Monday, October 26, 2009

"Let the Wild Rumpus Begin": Where the Wild Things Are (2009)


This weekend I had the pleasure of seeing Where the Wild Things Are in my favorite (i.e.:closest) local theatre, Palace Pointe in Roxboro. Needless to say there were plenty of small children present; I guess that's the consequence of buying a ticket for a so-called "kid's movie." Where the Wild Things Are was a fantastic movie, one of the year's best so far (I'd put it above District 9, but below Inglourious Basterds and Up) and Spike Jonze is now 3-for-3 in crafting superbly whimsical movies. However, this was definately not a "kid's movie;" in fact, it was one of the most mature movies I have seen all year.
I hate calling it mature. It makes it sound dirty, as if there's inappropriate content in it that children should avoid. With the exception of one (bloodless) on-screen dismemberment, there was nothing in this movie that could be found inappropriate. I say its mature in that the themes of this film are decidedly adult and are aimed at adults, rather than having potty humor and messages like most "family" movies these days (I keep using quotations for a reason, but that's a completely different discussion for another day). And judging by the reactions of the children in the audience, these themes were definately aimed at the parents.
In interviews, Spike Jonze has said that this is not a movie for kids, but rather a movie about being a kid. And he succeeded in that. The film wonderfully captures the magic and wonder that comes with the innocence of childhood, and indeed had me reflecting nostalgically on my days in Moultrie, Georgia, digging a six-foot hole in the ground for no reason other than to find out what was underneath. And there's also the obvious theme of getting along in a dysfunctional family, as the Wild Things bicker and fight with each other over any small offence.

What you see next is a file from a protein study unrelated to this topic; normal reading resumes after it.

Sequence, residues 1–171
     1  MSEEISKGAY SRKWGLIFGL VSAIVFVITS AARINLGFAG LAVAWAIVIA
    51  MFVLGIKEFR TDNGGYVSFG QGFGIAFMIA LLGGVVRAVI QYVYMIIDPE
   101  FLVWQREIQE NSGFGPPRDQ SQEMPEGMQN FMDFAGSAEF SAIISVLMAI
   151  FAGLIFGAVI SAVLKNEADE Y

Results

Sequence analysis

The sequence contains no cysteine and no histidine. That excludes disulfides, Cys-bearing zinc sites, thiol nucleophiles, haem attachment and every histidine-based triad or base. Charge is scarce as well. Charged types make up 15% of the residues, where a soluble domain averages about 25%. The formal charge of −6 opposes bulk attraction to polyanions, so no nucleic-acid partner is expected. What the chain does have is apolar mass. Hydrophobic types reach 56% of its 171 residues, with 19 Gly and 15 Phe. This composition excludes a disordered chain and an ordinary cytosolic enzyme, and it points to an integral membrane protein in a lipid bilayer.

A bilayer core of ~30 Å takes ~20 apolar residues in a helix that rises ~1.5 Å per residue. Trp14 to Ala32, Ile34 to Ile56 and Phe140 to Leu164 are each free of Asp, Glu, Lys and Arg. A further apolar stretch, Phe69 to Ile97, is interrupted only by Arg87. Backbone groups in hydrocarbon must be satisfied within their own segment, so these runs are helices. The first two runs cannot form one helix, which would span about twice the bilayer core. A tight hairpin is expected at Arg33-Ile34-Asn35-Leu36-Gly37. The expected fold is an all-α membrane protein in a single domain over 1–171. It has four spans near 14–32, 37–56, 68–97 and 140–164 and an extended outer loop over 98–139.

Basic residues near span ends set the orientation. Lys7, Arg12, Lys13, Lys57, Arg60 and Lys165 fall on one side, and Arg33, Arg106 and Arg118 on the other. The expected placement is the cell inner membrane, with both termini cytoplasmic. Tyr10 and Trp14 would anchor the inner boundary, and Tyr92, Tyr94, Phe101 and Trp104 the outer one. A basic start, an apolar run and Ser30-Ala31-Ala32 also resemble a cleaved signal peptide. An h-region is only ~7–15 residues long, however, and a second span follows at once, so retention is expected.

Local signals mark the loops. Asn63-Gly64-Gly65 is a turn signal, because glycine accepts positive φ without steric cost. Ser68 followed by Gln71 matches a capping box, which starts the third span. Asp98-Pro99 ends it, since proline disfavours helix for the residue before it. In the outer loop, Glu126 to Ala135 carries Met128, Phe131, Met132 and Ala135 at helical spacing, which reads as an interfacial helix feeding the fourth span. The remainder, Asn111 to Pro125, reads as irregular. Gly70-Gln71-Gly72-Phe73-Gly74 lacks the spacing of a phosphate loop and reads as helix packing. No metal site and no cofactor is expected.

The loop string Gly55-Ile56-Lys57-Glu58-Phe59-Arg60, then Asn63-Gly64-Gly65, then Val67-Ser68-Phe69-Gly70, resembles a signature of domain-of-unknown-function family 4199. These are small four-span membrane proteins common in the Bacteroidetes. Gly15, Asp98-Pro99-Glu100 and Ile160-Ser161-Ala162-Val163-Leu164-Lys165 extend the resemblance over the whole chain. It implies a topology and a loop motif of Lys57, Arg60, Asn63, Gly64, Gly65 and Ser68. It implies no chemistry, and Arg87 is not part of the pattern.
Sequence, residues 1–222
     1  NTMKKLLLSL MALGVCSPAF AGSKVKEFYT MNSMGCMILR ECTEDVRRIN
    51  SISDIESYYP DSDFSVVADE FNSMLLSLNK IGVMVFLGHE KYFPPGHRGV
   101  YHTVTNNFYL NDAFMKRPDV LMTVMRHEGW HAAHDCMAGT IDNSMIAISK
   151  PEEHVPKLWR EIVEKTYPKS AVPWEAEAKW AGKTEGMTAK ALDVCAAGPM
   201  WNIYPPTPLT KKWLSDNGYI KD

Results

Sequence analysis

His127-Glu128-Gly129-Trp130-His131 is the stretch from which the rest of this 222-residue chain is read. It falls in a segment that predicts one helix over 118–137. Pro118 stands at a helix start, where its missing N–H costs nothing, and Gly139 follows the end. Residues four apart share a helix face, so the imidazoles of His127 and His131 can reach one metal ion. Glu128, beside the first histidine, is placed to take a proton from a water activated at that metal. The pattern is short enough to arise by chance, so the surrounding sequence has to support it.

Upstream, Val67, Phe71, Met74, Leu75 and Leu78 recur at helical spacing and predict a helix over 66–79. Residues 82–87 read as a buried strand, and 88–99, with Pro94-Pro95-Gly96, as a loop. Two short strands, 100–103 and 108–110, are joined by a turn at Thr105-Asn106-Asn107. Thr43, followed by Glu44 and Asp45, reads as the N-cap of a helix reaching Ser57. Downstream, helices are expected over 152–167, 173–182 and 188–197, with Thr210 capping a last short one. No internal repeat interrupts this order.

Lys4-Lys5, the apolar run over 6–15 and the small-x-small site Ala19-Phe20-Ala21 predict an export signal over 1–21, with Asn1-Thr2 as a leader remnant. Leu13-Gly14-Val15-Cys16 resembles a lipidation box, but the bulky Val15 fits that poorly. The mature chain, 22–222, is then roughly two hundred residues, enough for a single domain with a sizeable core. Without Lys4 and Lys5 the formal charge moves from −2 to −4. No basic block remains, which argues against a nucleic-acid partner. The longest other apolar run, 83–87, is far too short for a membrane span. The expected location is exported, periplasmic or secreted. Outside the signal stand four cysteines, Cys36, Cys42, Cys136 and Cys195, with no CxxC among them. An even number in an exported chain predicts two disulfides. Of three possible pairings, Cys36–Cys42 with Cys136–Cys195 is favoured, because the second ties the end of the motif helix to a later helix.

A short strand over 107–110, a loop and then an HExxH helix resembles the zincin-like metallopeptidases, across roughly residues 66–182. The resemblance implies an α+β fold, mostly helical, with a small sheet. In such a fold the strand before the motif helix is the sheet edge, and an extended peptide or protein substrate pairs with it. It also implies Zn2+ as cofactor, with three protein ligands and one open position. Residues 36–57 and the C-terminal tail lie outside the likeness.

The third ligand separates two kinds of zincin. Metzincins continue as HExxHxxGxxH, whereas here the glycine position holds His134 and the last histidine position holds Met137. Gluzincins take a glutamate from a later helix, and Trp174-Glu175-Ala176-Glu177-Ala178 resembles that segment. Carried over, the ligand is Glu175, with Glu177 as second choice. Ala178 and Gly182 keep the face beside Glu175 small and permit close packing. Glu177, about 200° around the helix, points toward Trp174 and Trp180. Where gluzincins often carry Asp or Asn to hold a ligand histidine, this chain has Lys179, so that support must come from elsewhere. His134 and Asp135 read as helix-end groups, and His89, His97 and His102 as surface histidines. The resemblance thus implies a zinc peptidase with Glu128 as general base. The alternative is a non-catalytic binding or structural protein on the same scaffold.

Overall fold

However, I noticed two other themes hiding underneath the surface. Where the Wild Things Are serves as a metaphor for our current state of the world. In one scene, Max's teacher tells the class that one day the sun will blow up, and everyone on Earth will die. Not a day goes by that we don't wake up in the morning with the news telling us how we're going to die today: H1N1, terrorist attacks, military quagmires in the Middle East and so on. In our post-9/11 world, there's always a sense of dread hanging over everyday life, a feeling of paranoia towards outsiders. The film shows Max running away to the land of the Wild Things, and by doing so embodying our own personal want to escape from the calamity of the world. The film provides an escape from that atmosphere into one where fear is resolved, where disasters don't strike: its a simpler world, the world of...a child. It's easy to understand why this is meant for adults: most of the film's (re: Warner Brothers') intended audience probably hadn't even been born when 9/11 happened, and in no way could comprehend this desire.
Then, in the land of the Wild Things, an even sneakier metaphor comes in. When Max meets the Wild Things, they make him their king, since he promised to make sure nothing bad ever happened, to reunite KW with the rest of them, and to make all the sadness go away. At first everything is fantastic, as everyone at least pretends to be enthusiastic about the new king. But as time goes on, some of the Wild Things grow unhappy with Max's rule, especially since he hasn't done all he promised. As Max becomes less superhuman and more falliable to them, they lose their faith in him, which leads to his departure from their island.
Sound familiar?
When put that way, its easy to substitute Max with the Obama administration. Obama arrived on the political scene in his campaign promising to fix the nation's woes, and the people enthusiastically voted him into office (I was among them). For his first few months he remained our White Knight, but as time moved on, more and more people have become dissatisfied with his policies, and griped about how the "change" and "hope" he promised has yet to arrive (I could rant in his defense, but again, another time). Where the Wild Things Are provides a cautionary tale on the future of his presidency: even though he tries his hardest to make changes for the better, the dissatisfaction of the public could force him to leave.
Never thought a movie based on a children's book could be so dense, did you?

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